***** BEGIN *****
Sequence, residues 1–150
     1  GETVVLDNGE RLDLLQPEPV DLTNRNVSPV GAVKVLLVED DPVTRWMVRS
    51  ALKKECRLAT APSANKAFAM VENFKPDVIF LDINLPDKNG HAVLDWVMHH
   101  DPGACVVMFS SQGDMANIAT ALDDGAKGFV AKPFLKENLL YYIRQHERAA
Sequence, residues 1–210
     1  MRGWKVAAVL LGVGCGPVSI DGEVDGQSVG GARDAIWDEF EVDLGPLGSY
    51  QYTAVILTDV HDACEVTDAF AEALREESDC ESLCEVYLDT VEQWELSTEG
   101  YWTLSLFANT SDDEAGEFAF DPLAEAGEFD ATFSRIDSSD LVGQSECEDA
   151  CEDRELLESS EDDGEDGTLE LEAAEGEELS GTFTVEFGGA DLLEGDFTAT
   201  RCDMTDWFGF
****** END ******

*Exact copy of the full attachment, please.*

Sequence, residues 1–150
     1  GETVVLDNGE RLDLLQPEPV DLTNRNVSPV GAVKVLLVED DPVTRWMVRS
    51  ALKKECRLAT APSANKAFAM VENFKPDVIF LDINLPDKNG HAVLDWVMHH
   101  DPGACVVMFS SQGDMANIAT ALDDGAKGFV AKPFLKENLL YYIRQHERAA
Sequence, residues 1–210
     1  MRGWKVAAVL LGVGCGPVSI DGEVDGQSVG GARDAIWDEF EVDLGPLGSY
    51  QYTAVILTDV HDACEVTDAF AEALREESDC ESLCEVYLDT VEQWELSTEG
   101  YWTLSLFANT SDDEAGEFAF DPLAEAGEFD ATFSRIDSSD LVGQSECEDA
   151  CEDRELLESS EDDGEDGTLE LEAAEGEELS GTFTVEFGGA DLLEGDFTAT
   201  RCDMTDWFGF